Note: This article is Copright 2000 by The Knoxville News-Sentinel and may not be reproduced in any manner. Since they do not have the photo in their version on their Web site, I have placed it here for friends to view. If they object to it being here I will remove it immediately. This isn't the format in which the article appeared. The content is the same; I just edited the format for the on-line version. The article appeared in both the West and North versions of the Wednesday "Neighbors" insert.
Mapmaker Charles Reeves looks over one of his latest creations at his home. Reeves has found a post-retirement career using desktop computing to make specialty maps for municipalities and maps of cemeteries to aid people doing genealogical research. He also restores old maps.
By Ed Marcum
News-Sentinel staff writer
Visitors to the Map Store on Dutch Valley Road might be surprised to know it isn't big companies with staffs of cartographers that produce all the maps sold there.
Genealogical research calls for finding cemeteries, and this isn't, always easy to do, Reeves said. He and others often-found they could use a good map.
In fact, one West Knoxville man sitting at a computer in his home in Stonecrest subdivision does many of them.
"That wouldn't have been possible a few years ago," said Charles A. Reeves Jr. "Before the advent of desktop computing, it was mostly big companies doing maps."
The big companies are still there, but Reeves, who retired from Oak Ridge three years ago after 30 years as a physicist and computer support staff member at the Y-12 plant, has been able to claim his share of customers.
Reeves' bread-and-butter is doing specialty maps for municipalities, highlighting tourist spots or other points of interest. He puts together a basic map of the area on computer, with the cities, supplying the information they want included. This can involve, identifying and typing in the names for hundreds of streets, roads and other points.
"It can get extremely tedious," Reeves said.
His biggest project to date is a map for the city of Nashville highlighting tourist spots within a 50-mile radius. Usually be gets no credit for his work on a map, but his name appears on that one.
Reeves has been making maps for about 10 years. It started as a hobby that grew out of two other interests--computers and genealogy. Though trained as a physicist, Reeves found be was becoming more fascinated with the computers he used in his work at Y-12 than with the work itself. In the early 1980s, he transferred to the computer support staff.
Also during the 1980s, Reeves and Jane Crowley, his wife at the time, were interested in genealogy. Though divorced now, they are still on good terms, he said. They still collaborate on genealogical projects, such as helping manage TNGenWeb, which is at http://www.tngenweb.org on the Internet. They keep information updated for genealogical web sites for Clay, Jackson, Putnam and Bedford counties.
The couple has a son, Chip Reeves, who lives in Atlanta.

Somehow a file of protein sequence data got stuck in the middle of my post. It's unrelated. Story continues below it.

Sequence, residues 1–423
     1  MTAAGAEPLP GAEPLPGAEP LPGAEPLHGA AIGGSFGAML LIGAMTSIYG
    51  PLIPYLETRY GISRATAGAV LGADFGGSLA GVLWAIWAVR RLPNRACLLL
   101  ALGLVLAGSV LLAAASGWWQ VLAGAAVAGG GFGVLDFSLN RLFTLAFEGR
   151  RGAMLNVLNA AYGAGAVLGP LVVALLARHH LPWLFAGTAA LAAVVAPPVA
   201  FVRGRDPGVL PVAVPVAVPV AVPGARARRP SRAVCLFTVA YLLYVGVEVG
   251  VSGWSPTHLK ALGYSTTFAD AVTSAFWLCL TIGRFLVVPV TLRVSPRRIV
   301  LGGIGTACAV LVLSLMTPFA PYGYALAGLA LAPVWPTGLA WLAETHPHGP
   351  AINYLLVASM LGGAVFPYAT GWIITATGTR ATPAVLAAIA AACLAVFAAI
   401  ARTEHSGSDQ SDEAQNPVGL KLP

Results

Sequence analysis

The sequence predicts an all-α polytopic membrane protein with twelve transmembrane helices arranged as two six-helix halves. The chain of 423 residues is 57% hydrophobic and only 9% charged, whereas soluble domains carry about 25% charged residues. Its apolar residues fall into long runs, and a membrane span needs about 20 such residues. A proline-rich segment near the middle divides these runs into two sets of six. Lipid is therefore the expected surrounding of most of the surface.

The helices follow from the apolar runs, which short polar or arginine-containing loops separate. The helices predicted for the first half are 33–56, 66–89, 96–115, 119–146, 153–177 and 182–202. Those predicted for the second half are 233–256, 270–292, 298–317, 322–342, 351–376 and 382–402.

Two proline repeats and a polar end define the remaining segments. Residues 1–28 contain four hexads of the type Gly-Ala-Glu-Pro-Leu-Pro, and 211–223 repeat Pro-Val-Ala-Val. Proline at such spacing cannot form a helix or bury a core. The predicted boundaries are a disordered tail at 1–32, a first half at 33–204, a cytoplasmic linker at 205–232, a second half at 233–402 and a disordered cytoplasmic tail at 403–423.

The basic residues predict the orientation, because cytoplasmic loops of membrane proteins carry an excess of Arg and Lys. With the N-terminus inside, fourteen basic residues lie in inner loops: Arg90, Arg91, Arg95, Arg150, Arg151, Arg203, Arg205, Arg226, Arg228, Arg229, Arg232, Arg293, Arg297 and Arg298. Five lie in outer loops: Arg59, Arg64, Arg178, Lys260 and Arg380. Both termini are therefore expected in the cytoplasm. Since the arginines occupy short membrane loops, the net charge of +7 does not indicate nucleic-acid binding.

Genealogical research calls for finding cemeteries, and this isn't always easy to do, Reeves said. He and others often found they could use a good map. He got an the computer to see what he could do.
"I tried doing some cemetery maps and found there was a market for them," he said.
He makes his own maps taking government maps showing cemetery locations and overlaying these on county maps. This works for most cemeteries, but not all.
"There are a lot of little family cemeteries out there that are not documented, and the only way I have to find out about them is if somebody tells me," he said.
Reeves has found that revising maps is a never-ending job. That's just part of the tedious nature of map-making, be said. Most any kind of map will need to be revised as new roads are built, streets are renamed and other changes occur.
"The problem with maps is that as soon as you put one on paper it's out of date," he said.
To offset the tedium of his work, Reeves does projects that may not be as lucrative but are more enjoyable. He has restored old maps for various groups and individuals, piecing torn and damaged maps and scanning them into a computer. He uses specialized software to eliminate stains, improve contrast and make other repairs. And finally he prints the refurbished map.
Reeves has done this for the East Tennessee Historical Society, the Sequoyah Museum in Vonore and others. He has made posters from old postcards of the Knoxville area. One highlights the 1910 Appalachian Exposition held at Chilhowee Park and includes a photo of a dirigible floating over the park grounds.
On at least one occasion, one of his own maps has come to the rescue for Reeves. He had done some materials for the Map Store that included a map showing customers how to reach the store. Reeves' map directed motorists to use the Broadway exit from Interstate 640, but the map store staff told him they didn't recommend people use that route because of road construction.
"So I had to use one of my maps to find the route from Heiskell (Avenue)."
He provided a new map directing drivers to take the Heiskell Avenue exit off Interstate 275, turn right onto Heiskell, go through the railroad underpass and take a left onto Bruhin Road and finally a right onto Dutch Valley, the Map Store will be on the right.
Ed Marcum may be reached at 865-342-6267
or at email@example.com